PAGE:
A recent news feed brought the likelihood that summer sea ice in the Arctic will be gone in 15 years.  Almost a lifetime ago I remember reading dramatic, sometimes horrific, stories of hardy explorers trying to find the legendary Northwest Passage and the North Pole.  These were the stories of men like Franklin, Nansen, Peary and many more who wrestled with blinding snow, frigid winds and treacherous ice sometimes struggling to their achingly cold deaths.


Soon, I can almost see it now, someone will be the first to water ski the Arctic Ocean.  What will be the weather consequences?  Our children and grandchildren will know.  I look across the warming tundra to see an Inuit elder staring back at me with Edvard Munch’s Scream contorting his face.  I am haunted by his pain,


We watch California and our Northwest burn, smoke turning the life-giving air toxic.  Record heat, dry winds and deepening drought conspire to drive good people away from homes in the flame’s hungry path.


Helicopters lift frightened campers to safety, their campsites burned and gone, a weekend getaway they had never imagined.  And in the smoldering ashes Ishi stands, the last of his tribe, screaming silently, racked with disbelief and loss.  First his people, now his hallowed land.  I am haunted by his pain.


Around the world, in China, India, Sudan, Cameroon, Japan, Korea, Louisiana and Florida flood waters run fast and deep carrying people alive just moments ago into eternity.  We see survivors wade thigh, waist deep in their streets, sorting through the soggy, muddy wreckage of their lives.


Faces, so many Edvard Munch faces warp in agony.  We turn away and pretend to be unfazed but we are not completely unchanged.  Sometimes we donate to Doctors Without Borders.


Diesel fuel spills in the pristine Siberian Arctic.  An oil tanker founders on the ecologically sensitive coast of Mauritius spilling its death-dealing oil into shallow waters.  The proud people of the island rush out desperate to save their beloved, life nurturing shores.


Munch’s paintbrush rearranges those beautiful, happy faces here too, twisting them, staining their lovely faces an oily black.  A supertanker named New Diamond burns spilling oil twenty-five miles from anxious Sri Lanka.  I see Munch rushing there already brush in hand.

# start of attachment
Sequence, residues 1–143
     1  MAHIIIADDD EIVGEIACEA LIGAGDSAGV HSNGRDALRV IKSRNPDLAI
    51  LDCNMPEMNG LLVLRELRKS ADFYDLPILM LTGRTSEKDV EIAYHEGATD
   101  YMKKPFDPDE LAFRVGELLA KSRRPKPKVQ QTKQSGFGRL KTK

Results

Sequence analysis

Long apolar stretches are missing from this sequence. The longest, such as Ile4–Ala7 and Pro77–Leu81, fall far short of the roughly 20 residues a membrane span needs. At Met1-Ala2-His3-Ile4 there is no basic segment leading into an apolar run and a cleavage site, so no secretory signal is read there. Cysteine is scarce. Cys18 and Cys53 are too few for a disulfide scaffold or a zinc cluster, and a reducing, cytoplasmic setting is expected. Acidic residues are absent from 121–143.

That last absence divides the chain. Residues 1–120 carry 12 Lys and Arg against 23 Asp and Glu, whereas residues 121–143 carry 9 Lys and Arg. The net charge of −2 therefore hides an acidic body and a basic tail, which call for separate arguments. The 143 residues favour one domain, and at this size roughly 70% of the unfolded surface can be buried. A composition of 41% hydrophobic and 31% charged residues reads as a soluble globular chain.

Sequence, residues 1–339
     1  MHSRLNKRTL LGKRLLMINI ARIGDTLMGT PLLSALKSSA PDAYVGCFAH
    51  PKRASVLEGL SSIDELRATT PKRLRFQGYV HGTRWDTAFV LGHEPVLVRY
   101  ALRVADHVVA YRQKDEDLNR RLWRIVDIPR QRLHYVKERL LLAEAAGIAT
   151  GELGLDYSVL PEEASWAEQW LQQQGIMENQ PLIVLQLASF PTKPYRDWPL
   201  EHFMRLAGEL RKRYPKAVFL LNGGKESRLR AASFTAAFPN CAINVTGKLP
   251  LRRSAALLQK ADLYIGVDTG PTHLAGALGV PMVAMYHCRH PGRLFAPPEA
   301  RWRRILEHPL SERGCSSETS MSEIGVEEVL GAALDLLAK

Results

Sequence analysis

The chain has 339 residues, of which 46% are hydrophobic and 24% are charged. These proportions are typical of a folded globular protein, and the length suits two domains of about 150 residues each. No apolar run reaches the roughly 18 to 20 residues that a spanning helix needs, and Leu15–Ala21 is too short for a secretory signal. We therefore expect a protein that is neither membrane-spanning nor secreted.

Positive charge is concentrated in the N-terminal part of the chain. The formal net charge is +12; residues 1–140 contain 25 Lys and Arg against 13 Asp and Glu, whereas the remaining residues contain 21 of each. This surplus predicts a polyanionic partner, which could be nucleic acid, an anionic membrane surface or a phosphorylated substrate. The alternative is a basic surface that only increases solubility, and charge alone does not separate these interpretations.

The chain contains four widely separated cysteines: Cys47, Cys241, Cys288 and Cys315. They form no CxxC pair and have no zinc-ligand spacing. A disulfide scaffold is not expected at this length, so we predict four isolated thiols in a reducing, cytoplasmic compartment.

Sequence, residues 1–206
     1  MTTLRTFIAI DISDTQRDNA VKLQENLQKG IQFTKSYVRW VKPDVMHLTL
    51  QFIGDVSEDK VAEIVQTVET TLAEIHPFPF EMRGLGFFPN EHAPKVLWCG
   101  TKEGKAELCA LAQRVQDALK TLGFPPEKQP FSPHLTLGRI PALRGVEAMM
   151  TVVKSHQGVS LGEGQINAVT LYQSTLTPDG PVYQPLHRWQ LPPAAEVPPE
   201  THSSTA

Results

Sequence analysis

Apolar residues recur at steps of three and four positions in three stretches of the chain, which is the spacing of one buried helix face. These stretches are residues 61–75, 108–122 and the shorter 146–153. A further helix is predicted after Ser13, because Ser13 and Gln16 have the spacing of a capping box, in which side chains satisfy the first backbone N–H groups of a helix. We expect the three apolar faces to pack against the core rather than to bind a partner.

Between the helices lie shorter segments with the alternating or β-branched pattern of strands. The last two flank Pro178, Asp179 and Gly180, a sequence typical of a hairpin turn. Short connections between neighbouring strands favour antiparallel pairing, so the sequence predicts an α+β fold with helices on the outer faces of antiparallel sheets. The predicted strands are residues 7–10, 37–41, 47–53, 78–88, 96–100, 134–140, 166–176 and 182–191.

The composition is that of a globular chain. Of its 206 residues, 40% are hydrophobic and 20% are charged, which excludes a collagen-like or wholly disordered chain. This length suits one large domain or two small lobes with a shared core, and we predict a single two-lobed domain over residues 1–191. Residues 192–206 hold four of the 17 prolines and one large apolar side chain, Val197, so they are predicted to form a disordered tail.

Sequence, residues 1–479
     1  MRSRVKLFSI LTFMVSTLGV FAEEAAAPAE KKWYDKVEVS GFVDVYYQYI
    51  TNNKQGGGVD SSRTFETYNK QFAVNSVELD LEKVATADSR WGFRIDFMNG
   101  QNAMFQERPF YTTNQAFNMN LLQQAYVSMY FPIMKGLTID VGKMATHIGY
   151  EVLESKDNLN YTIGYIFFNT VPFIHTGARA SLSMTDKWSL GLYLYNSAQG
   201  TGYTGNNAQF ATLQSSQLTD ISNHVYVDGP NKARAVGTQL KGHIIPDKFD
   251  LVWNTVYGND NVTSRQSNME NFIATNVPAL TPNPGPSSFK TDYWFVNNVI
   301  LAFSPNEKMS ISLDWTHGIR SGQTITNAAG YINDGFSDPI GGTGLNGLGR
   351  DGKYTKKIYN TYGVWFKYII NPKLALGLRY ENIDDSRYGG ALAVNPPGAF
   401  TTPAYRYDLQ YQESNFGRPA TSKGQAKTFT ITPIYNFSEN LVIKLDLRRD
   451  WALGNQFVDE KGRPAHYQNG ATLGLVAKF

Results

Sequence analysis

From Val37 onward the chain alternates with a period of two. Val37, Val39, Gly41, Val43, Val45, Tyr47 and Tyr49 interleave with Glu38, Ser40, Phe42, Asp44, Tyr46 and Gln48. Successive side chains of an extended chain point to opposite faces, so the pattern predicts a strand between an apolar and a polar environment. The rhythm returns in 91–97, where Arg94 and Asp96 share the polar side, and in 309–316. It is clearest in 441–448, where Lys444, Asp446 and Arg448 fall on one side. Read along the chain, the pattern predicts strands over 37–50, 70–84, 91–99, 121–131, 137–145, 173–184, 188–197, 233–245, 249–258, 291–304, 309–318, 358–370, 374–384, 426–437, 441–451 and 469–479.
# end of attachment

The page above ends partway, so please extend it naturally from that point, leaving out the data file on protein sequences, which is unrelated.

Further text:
The Scream, Munch’s iconic image of anguished disbelief, spreads around the world as our fossil fuel addiction unhinges our climate turning it into something weird and fearsome.  Perhaps the most grotesque brushstroke on this worldwide human canvas is the one that highlights the fact that we have it in our hands to turn this raft in space around before we drift over the thundering waterfall.


To save ourselves we need all hands on the oars.  The race to adopt solar and wind energy, batteries and green hydrogen instead of the oil, gas and coal the human world has relied on way too long is off at snail’s pace.  The transition from the carbon spewing infernal combustion engine to smooth, clean, reliable electric cars is barely out of the gate.


We who were once the hopeful innovators of the world have turned our political backs on self-preservation.  “Drill, baby, drill”!  Do we really want Munch’s paintbrush on our children’s faces?  That has to be our greatest fear, it certainly is mine.


An election is coming, leadership on climate change is needed now.  This time we must be climate voters in every race.  The future we hand off to our children and theirs is on the line.  We need state and federal action on climate change now.